The Whole and the Parts

By:  Karen Hangartner, LMSW, Project Director, SRCAC

“The whole is greater than the sum of its parts.” This statement is particularly applicable to the Child Advocacy Center movement. The movement is made up of many moving parts that must collaborate and communicate with one another to effectively support the work of local CACs and multidisciplinary team professionals. While getting all these parts to work together may sound like a complicated undertaking, there is good news! Dedicated organizationsat every level of the movement—state, regional, and national—share a commitment to the common goal of providing hope and healing to abused children. And while each organization may work a little differently toward the goal, in the end, all are committed to the success of the movement and supporting those who play a part in it.

At Southern Regional Children’s Advocacy Center (SRCAC), we work toward this goal in many ways. SRCAC serves 16 states, and within those states, there are 314 CACs representing 41% of the CACs nationally. Over a third (32%) of state chapters in the country are located in the Southern Region. SRCAC’s vision is for all children to receive justice and healing. Our mission states that we provide training and support for Children’s Advocacy Centers, chapters, and multidisciplinary team professionals so abused children have access to trauma-informed, collaborative investigations, and services that promote justice and healing. These two statements are at the core of how we structure our work.

Other beliefs that guide our work include:

  • This work is challenging and isolating; therefore, it is essential that CAC professionals have access to other CAC professionals for support and guidance. To achieve this, we are committed to holding in-person trainings and meetings that will provide rich learning and networking experiences. We offer trainings which allow professionals to gain knowledge and skills while building a professional network of support. We also provide opportunities for chapter leadership to come together to share information and ideas and find support.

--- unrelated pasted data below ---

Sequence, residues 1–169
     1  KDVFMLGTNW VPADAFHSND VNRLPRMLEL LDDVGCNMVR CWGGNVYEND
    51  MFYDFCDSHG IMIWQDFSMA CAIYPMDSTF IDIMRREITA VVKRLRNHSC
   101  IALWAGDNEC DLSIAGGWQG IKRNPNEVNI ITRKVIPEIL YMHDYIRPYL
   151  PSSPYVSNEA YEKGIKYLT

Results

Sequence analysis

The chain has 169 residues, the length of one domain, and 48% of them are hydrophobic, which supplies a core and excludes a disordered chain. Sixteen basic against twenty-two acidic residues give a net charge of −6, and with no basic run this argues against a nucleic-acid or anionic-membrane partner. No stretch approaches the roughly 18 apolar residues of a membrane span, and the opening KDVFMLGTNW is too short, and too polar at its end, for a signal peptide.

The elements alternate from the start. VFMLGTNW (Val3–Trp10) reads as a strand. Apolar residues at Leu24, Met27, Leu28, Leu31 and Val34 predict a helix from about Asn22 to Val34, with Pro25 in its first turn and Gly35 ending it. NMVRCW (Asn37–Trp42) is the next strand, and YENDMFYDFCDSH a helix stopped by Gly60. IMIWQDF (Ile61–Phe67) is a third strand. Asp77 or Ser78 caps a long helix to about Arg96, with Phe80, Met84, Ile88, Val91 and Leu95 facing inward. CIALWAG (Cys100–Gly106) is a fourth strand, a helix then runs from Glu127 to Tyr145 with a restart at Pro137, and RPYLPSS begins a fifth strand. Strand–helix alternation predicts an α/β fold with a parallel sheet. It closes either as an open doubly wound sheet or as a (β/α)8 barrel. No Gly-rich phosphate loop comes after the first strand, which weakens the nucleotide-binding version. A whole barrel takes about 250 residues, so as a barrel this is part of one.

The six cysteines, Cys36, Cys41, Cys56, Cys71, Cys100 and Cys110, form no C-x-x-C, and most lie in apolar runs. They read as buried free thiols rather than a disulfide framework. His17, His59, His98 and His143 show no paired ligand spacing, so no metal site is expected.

• Chapters are vital for the continued growth of the field; therefore, we are committed to working closely with our chapters to support their continued growth and development. We believe that the key to dynamic local centers is a strong state presence, which can influence legislation, funding, and develop strategic statewide partnerships that will advance the work of CACs in the state. Strong chapters have close relationships with their member centers and have the capacity to support their needs: from accreditation to training to crisis management.
  • Working directly with local CACs, their boards, and MDTs across states helps us stay in tune with the latest developments in the field. Because of the varied capacities across the region, SRCAC remains the primary training resource for many of our states.
  • The Regional Children’s Advocacy Centers (RCACs) and National Children’s Alliance are stronger collectively than individually. As such, we are committed to developing and maintaining strong collaborative relationships with our national partners. Our work together focuses on how to support chapter development and to identify and meet the training needs of child abuse professionals.
  • Quality training should be accessible for professionals. SRCAC is working on three new online initiatives expected to launch in late 2017/early 2018. Specific training topics will include:
    • What CAC Executive Directors Need to Know About. . .
      • Forensic Interviewing
      • Medical
      • Victim Advocacy
      • Mental Health
  • Vicarious Trauma Blueprint
    • The four RCACs will collaborate on this project, which will include a combination of online trainings and train-the-trainer opportunities
  • Board Blueprint
    • This online training is targeting CAC board members and will include modules on board members’ basic roles and responsibilities, hiring, evaluating, and supporting the ED and how they can effectively support and represent the CAC to the community.

Other initiatives include:

  • Research to Practice Modules and Resources
  • Tuition and Travel Assistance

What does all this mean to the local CAC? There are resources to support your mission to serve abused children in your community. You have partners to help you develop the capacity you need and to celebrate your victories and successes. There are also partners who understand that this work can be heartbreaking, that sometimes we just need to shed a few tears with someone who understands, or rage about the atrocities we see every day.  You have partners that can remind you—even when it does not feel like it—that the work you do is heroic, and you are a superhero. It is a privilege to be part of this whole movement and to do this work with you.

Subscribe To Our Newsletter

For the latest updates from WVCAN, enter your email below to subscribe to our newsletter.